104. Every man who has reached maturity has an external and an internal of thought, and therefore an external [and an internal] of the will and the understanding, or an external and an internal of the spirit, which is the same as the external and the internal man. This is clear to anyone who observes carefully the thoughts and intentions of another as exhibited in his speech and actions, and who observes also his own thoughts and intentions when he is in company and when he is alone. For anyone can talk with another in a friendly way from external thought, and yet be at enmity with him in internal thought. Anyone can talk about love towards the neighbour and love to God from external thought and at the same time from its affection, when nevertheless in his internal thought he cares nothing for the neighbour, and does not fear God. Anyone can talk about the justice of civil laws, about the virtues of moral life, and about matters of doctrine and the spiritual life from external thought and at the same time from external affection, and yet when alone by himself he may, from internal thought and its affection, speak against the civil laws, against moral virtues, and against matters of doctrine and the spiritual life. Those do so who are in the lusts of evil and who yet wish it to appear before the world that they are not in them.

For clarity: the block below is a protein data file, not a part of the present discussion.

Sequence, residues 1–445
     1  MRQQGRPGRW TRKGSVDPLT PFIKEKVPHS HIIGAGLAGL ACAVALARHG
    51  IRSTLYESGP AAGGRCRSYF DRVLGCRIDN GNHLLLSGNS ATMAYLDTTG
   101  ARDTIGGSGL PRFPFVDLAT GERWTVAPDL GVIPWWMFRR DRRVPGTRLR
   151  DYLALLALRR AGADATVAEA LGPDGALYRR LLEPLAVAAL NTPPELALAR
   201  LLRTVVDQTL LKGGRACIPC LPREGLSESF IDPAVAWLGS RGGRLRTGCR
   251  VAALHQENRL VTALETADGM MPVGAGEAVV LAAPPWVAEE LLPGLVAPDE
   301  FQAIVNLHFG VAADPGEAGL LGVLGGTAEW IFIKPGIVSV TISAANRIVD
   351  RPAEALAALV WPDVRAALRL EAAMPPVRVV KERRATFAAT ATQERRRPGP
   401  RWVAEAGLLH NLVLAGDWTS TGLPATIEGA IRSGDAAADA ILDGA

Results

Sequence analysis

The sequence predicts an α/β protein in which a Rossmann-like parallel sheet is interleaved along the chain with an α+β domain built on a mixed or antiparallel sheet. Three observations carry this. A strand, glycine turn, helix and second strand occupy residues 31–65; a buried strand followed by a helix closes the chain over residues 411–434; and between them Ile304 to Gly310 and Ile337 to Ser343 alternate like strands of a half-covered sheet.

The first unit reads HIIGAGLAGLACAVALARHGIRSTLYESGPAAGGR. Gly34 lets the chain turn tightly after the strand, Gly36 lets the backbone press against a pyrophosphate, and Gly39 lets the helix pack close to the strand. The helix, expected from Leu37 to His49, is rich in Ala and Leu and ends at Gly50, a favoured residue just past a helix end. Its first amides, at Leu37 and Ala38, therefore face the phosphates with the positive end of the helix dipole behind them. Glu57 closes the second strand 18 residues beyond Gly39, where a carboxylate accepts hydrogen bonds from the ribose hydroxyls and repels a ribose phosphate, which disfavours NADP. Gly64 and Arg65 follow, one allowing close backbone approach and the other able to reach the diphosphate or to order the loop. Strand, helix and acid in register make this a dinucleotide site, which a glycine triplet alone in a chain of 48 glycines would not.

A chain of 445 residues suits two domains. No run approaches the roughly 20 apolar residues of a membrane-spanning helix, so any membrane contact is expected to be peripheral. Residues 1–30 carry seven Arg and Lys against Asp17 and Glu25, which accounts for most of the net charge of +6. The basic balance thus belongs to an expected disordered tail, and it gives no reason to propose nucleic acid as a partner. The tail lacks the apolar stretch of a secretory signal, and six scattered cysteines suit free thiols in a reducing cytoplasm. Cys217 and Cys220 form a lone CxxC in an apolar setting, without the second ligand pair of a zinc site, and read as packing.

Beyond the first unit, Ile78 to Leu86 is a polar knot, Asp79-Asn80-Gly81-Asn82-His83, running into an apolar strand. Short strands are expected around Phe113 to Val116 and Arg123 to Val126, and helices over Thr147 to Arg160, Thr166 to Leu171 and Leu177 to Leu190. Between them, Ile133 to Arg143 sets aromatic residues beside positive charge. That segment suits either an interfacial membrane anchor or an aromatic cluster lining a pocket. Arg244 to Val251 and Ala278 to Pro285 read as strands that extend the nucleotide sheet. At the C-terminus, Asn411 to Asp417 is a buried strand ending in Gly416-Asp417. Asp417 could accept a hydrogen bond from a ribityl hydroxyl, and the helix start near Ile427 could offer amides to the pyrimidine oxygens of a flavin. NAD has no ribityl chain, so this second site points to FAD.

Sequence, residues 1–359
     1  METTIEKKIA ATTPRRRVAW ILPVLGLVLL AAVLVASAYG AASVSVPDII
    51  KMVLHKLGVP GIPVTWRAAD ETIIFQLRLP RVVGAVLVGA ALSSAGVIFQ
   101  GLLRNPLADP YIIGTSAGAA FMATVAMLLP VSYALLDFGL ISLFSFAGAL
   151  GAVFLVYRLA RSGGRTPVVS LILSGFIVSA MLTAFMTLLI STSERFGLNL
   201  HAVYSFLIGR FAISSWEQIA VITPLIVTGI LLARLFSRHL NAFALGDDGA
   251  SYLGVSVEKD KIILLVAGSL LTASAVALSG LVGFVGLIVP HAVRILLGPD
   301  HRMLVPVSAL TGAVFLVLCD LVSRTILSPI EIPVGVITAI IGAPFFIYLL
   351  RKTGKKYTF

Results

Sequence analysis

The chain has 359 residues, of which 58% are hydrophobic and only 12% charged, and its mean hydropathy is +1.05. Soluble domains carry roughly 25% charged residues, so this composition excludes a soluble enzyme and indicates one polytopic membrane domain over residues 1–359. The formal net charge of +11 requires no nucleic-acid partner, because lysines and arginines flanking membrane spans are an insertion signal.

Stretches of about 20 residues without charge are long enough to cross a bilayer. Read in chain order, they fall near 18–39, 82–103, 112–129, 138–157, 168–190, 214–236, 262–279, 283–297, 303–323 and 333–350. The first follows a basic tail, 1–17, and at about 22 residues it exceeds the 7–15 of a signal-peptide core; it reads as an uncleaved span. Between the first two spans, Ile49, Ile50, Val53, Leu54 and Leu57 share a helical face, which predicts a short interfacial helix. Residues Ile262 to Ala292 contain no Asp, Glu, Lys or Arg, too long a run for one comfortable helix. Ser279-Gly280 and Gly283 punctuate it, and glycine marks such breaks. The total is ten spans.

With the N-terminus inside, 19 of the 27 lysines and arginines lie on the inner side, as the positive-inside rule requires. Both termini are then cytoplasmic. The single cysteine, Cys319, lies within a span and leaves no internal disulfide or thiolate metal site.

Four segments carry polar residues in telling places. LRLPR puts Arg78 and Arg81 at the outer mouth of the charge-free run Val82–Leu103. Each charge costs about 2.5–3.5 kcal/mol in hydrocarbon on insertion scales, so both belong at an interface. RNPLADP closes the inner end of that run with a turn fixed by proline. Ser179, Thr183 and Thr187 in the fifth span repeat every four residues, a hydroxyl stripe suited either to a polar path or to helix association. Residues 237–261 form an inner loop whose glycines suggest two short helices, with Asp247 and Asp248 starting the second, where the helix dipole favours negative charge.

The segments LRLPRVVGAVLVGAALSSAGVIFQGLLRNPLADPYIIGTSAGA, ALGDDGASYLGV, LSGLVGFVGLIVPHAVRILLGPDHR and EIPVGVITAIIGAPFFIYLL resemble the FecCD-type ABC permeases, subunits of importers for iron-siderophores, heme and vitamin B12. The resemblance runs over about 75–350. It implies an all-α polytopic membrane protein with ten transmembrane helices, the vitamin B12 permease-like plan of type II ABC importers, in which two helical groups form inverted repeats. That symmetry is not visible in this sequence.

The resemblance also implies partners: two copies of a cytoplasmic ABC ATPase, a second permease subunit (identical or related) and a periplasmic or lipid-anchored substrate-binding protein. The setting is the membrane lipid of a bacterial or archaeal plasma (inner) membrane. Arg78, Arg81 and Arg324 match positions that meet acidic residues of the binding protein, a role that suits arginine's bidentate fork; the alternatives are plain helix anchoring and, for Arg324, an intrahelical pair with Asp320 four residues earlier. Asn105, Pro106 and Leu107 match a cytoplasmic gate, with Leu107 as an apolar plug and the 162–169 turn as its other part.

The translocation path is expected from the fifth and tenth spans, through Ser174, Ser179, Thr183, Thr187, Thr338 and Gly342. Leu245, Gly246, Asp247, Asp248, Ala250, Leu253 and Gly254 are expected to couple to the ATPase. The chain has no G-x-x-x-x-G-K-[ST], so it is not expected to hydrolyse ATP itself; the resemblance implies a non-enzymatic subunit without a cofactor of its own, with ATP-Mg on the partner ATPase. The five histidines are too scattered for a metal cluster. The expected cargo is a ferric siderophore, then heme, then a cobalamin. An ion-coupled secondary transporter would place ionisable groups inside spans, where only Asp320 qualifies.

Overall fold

Moreover, many question within themselves, when they listen to others speaking, whether these interiorly within themselves are thinking the thoughts which they are expressing in speech, and whether they are to be believed or not, and also what their intentions are. It is well known that flatterers and hypocrites have a double thought; for they can restrain themselves and take care not to disclose their interior thought; and some can conceal it more and more interiorly and, as it were, block up the doors lest it should appear. That both exterior and interior thought are given to man is clearly evident from this fact, that from his interior thought he can view his exterior thought, reflect upon it and pass judgment on it, deciding whether it is evil or not evil. The mind of man owes this characteristic feature to the faculties which he has from the Lord, called liberty and rationality. Unless man had from these an external and an internal of thought he would not be able to perceive and view any evil in himself and be reformed; in fact, he would not be able to speak, but only to utter sounds like a beast.